Mission control! Mission control! Do you read me? While these lines might first bring to mind a movie scene of astronauts frantically trying to contact their home base following a disastrous event in space, they might equally be applied to something a little closer to home—your own cells.
You can think of your cells like a little hive of activity, with proteins and other biomolecules going about their duties, working to keep the unit strong and healthy. And the main overseer—the mission control, if you will—is the cell’s nucleus. The nucleus sends a constant stream of messages in the form of RNA out into the cell, giving instructions and coordinating activity to keep everything running smoothly.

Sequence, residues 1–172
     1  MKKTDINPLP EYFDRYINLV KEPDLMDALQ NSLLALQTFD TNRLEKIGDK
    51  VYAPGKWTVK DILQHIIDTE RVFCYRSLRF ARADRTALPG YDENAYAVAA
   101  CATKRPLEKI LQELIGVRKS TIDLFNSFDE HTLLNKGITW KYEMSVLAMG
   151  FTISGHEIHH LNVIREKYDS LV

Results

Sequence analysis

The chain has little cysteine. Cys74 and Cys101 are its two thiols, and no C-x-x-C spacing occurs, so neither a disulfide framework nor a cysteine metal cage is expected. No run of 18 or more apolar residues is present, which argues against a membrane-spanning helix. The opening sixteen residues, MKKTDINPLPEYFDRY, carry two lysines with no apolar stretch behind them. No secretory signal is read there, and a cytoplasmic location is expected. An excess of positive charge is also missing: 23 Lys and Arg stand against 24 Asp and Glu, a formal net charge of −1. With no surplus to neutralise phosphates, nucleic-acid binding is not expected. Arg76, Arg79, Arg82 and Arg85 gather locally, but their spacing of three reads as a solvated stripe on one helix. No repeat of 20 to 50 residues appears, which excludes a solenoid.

But what happens when something goes wrong? What happens when invaders come knocking? Say, perhaps a virus? Now the cell has a threat from the outside to contend with, and mission control must respond…if it can.
In this Quantitative Biosciences at Berkeley feature, read more from graduate student Leah Gulyas about interactions between hosts and viruses. Gulyas studies the behavior of the coronavirus, SARAS-CoV-2 in professor Britt Glaunsinger's lab.